Focusing in the parallax world

As the OVF also shows autofocus (AF) points, the parallax phenomenon explained above applies to these points, too. Depending on the focus distance, they appear in different locations. The Fuji X100T, which I will use as an example here, has a dedicated feature called corrected AF for that. The following simplified figure depicts the basic layout of what you will see, when looking through the OVF of a Fuji X100T:

x100t_frame_explained

The outer viewfinder frame contains everything you can see when looking through the OVF. The image frame contains everything that will be visible on a taken photo. The grid lines serve as a guide for better compositions. The exposure settings show mode, shutter speed, ISO, aperture and other things. If the corrected AF features is turned on, two AF boxes will be shown initially: a box for close focus (black dashed line) and a box for infinity focus (black solid line).

As you can see, the box for infinity focus is nearly placed in the middle, because the parallax effect has the least impact when the focus distance is infinity, as stated above. However, the box for close focus has a slightly large offset, because the different viewpoints of the lens and the viewfinder have a huge impact, if the focus distance is very close. Thus, the actual AF box (green) will be somewhere on the diagonal between the close and the infinity box. Both of these boxes kind of span the focus range box (red), which is only virtual and not visible.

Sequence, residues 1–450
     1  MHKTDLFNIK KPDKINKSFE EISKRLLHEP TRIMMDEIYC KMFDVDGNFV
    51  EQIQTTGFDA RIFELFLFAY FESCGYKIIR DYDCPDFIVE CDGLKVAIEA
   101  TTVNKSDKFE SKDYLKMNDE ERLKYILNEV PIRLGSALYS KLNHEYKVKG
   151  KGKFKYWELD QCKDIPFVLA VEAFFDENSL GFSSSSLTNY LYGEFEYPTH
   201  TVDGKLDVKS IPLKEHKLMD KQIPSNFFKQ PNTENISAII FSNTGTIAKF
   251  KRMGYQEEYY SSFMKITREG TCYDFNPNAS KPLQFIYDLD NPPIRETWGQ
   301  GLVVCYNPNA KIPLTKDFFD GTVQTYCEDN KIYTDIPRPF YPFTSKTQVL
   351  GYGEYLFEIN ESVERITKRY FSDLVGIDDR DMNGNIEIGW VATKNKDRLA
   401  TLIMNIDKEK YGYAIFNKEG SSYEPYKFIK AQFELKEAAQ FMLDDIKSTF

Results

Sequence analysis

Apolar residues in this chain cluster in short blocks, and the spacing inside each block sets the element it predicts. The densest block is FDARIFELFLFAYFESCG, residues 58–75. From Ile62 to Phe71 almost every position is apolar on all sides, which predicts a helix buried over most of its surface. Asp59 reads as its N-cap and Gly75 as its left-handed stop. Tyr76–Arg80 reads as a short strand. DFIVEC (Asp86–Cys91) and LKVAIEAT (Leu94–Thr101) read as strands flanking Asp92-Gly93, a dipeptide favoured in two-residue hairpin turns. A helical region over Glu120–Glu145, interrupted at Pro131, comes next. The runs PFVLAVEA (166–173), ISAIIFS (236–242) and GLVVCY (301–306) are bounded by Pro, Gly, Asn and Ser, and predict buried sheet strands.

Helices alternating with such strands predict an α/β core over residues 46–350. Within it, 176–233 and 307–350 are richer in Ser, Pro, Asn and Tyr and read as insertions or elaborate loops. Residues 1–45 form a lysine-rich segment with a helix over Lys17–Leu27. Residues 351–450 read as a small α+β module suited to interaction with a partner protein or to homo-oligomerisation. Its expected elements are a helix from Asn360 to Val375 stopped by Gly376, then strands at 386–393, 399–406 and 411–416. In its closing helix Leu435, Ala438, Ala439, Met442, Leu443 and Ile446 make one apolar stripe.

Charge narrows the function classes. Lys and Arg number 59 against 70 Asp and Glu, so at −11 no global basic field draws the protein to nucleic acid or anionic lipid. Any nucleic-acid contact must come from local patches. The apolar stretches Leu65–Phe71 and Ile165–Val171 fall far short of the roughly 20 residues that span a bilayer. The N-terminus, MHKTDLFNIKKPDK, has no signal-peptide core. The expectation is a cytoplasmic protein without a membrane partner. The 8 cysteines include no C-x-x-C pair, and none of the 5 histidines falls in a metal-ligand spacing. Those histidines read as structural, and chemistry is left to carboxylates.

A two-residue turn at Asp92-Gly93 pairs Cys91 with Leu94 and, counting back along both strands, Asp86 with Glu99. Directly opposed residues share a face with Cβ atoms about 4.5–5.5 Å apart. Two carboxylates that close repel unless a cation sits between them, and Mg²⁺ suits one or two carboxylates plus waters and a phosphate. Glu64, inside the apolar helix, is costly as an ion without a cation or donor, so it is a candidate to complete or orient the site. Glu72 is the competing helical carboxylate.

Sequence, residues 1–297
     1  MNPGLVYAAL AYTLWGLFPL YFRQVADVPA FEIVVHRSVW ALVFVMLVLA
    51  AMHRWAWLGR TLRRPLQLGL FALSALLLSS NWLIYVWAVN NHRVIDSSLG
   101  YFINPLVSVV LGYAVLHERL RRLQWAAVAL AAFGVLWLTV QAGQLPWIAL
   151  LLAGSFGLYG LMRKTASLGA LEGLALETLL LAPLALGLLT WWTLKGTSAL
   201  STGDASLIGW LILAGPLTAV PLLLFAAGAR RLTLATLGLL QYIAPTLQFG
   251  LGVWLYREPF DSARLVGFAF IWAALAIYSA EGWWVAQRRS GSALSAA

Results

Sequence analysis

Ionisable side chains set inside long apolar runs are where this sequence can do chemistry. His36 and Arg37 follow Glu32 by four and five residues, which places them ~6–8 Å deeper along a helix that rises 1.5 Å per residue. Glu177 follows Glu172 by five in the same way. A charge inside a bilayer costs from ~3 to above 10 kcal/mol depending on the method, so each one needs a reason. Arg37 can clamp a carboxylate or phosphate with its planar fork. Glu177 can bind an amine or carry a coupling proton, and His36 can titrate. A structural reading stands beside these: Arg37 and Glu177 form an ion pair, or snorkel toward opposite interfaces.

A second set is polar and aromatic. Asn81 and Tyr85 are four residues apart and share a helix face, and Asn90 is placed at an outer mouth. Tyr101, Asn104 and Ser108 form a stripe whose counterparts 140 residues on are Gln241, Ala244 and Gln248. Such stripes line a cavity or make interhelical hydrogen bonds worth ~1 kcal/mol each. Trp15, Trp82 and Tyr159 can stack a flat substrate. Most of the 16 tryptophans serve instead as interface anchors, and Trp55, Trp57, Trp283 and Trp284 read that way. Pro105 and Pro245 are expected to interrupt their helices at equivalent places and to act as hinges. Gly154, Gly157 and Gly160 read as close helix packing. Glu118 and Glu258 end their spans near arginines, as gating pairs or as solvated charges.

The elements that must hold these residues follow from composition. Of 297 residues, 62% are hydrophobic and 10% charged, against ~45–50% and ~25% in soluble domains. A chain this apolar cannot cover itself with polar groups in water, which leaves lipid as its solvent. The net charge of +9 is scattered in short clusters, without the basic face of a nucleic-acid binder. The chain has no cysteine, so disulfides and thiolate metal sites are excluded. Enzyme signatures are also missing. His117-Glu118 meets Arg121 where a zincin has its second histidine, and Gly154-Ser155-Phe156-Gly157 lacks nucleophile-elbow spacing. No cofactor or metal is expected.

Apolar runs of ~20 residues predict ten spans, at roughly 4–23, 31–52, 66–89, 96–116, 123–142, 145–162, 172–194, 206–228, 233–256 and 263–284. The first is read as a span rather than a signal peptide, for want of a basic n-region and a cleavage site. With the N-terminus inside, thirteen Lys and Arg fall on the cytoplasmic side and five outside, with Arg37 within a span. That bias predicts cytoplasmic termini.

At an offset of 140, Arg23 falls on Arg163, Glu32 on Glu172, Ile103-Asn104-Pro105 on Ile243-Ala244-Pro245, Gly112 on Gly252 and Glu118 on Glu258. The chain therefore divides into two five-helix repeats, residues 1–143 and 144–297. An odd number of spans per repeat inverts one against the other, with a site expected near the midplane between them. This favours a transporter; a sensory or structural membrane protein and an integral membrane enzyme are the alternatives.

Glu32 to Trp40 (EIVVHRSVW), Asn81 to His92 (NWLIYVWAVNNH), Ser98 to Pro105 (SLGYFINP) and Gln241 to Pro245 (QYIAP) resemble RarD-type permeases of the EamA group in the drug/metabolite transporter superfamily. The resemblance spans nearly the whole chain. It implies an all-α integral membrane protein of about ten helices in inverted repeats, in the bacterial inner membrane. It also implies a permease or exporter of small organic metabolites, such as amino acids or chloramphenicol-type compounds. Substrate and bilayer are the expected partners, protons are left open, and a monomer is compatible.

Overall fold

Example

Consider the following example:

AF_1AF_2

In the first image, you can see the basic still OVF with the corrected AF feature turned on. As mentioned earlier, the OVF shows an AF point for the infinity focus distance (solid lines) and one for the closest focus distance (dashed lines). As soon as the shutter button is pressed half way (second image), the camera’s AF computes the distance to the object (which is in itself a completely different and complex topic) and then adapts the frame lines accordingly. Additionally, a new green AF point appears, which represents the actual AF position. Since the object focused is close to the camera, the green box appears closer to the dashed AF point than it does to the inf AF box.